On 25 April 2015, Nepal suffered a terrible earthquake that caused shocking damage and destruction. Now, more than one year later, many travellers are asking: is it a good time to visit Kathmandu and the rest of Nepal?
This is the perfecttime to visit vibrant Kathmandu © kapulya/iStock
In a word: yes. In fact, this is the perfect opportunity to schedule a trip to this stunningly beautiful mountain country. Despite the strength of the quake, many of Nepal’s most famous landmarks remain in good condition, and a number of its UNESCO World Heritage sites have re-opened. A British-sponsored structural engineering firm has also determined that the country – and its famous peaks – are safe to visit. Airports are operating normally, hotels and restaurants are open, and the tourist infrastructure is ready to welcome guests.
Those planning to visit Kathmandu are additionally helping contribute to recovery efforts: for a country whose economy relies heavily on tourism, last year’s 65% drop in the number of tourists was further damaging. Take some time, then, to discover the wild nature, stunning vistas, and hospitable culture that the country offers. Read on for what to do during your next stay in Kathmandu – and beyond.
Boudhanath Stupa escaped with minimal damage © fotoVoyager/iStock
Although photographs taken after the earthquake captured piles of rubble and destruction, in reality many of the most famous landmarks in Kathmandu and the surrounding valley are still standing, many with only minor damage.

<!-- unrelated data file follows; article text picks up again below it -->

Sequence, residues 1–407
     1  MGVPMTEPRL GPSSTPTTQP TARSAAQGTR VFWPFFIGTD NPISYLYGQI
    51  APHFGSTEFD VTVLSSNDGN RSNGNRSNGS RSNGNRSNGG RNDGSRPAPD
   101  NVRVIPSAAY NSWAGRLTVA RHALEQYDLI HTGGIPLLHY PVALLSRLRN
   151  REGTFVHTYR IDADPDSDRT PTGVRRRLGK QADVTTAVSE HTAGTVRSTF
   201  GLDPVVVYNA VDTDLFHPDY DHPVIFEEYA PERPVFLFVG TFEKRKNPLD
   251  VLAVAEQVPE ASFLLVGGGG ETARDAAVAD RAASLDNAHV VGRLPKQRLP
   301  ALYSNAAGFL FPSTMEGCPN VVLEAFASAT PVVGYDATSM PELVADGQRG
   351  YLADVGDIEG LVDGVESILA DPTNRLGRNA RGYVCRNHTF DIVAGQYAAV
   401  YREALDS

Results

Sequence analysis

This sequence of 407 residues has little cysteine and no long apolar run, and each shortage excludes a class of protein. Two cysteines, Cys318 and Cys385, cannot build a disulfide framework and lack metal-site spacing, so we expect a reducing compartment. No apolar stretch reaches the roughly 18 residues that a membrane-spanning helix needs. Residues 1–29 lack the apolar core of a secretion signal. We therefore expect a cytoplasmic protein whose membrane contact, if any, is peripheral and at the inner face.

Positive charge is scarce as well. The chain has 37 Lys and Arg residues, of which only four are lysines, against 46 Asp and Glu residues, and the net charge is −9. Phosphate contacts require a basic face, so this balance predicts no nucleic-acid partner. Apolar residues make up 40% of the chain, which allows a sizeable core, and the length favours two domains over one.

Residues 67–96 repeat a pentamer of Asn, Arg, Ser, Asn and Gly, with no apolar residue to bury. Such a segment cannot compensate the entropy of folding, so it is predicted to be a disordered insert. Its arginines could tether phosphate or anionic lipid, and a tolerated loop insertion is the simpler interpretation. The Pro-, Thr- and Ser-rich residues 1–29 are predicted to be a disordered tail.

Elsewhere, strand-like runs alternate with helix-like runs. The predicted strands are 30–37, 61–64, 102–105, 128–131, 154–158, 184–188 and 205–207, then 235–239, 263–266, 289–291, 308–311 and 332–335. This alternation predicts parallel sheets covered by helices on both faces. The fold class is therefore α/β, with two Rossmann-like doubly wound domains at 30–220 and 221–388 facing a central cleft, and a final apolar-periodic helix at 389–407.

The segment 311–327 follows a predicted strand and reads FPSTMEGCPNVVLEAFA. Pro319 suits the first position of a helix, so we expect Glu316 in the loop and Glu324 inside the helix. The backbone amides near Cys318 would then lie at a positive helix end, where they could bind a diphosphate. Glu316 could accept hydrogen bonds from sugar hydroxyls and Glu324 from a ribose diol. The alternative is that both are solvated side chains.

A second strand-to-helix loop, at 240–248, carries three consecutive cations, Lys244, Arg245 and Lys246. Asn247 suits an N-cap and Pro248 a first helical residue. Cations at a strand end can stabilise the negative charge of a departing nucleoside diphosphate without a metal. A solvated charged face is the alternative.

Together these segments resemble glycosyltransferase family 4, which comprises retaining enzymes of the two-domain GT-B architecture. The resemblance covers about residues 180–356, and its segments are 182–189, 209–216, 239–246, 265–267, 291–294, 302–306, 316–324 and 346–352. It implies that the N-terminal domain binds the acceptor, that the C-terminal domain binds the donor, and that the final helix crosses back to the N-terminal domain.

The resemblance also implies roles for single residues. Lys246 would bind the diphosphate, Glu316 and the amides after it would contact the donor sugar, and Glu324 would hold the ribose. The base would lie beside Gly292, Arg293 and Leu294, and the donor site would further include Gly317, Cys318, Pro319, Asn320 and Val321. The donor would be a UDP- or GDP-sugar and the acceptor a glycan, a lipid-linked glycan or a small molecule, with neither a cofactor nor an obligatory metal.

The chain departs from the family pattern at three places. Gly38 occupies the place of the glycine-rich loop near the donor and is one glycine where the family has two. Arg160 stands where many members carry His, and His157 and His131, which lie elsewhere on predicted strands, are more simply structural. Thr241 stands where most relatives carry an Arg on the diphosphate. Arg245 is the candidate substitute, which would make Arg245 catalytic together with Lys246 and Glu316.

Bhaktapur, an ancient city just east of Kathmandu, saw some of its famous brick buildings collapse, though many of its most famous structures – including the Nyatapola Temple, the country’s highest – are still standing tall. The famous Boudhanath Stupa, the largest stupa in the country, also escaped with only minimal damage, as did Swayambhunath, another ancient religious landmark.
The famous Swayambhunath temple is also in good condition © korionov/iStock
In the heart of Kathmandu, Durbar Square did suffer the wrath of the temblor – several of the square’s most famous temples fully collapsed – but the UNESCO site is in the midst of regeneration, and has now officially reopened for visitors.
Markets and Restaurants
Kathmandu’s colourful markets turn up a trove of treasures © Csondy/iStock
Kathmandu has always been a lively and colourful city, pulsing with rickshaws, busy with markets, and crowded with restaurants, and that reality hasn’t changed. In the neighbourhood of Thamel, keep an eye out for street markets, where cashmere, jewellery, and other textiles can be picked up for reasonable prices.
A stay in Kathmandu is also the perfect opportunity to sample traditional delicacies, from moreish momos – hearty Nepalese dumplings – to warming noodle soups. Travellers can also venture to destination restaurants like The Old House for a taste of Nepalese fine dining.
From Kathmandu, venture to Pokhara and Nepal’s other stunning destinations © Cn0ra/iStock
First, visit Kathmandu, and then consider branching out to discover more of Nepal’s charms.
Just outside of the city is Shivapuri Nagarjun National Park, a green oasis that’s a gateway to the country’s wild side.
Many visitors also head from Kathmandu to Chitwan National Park – where the gorgeous new Meghauli Serai Taj Safari Lodge has just opened – to get up close and personal with exotic wildlife. And trekking season is back to its normal routines in 2016 – a jaunt over to Pokhara should appeal to adventurous spirits.
Make 2016 the year you visit Nepal, then. You’ll uncover a wonderland of natural beauty and world-famous sites, friendly faces, and the chance to speed along recovery efforts.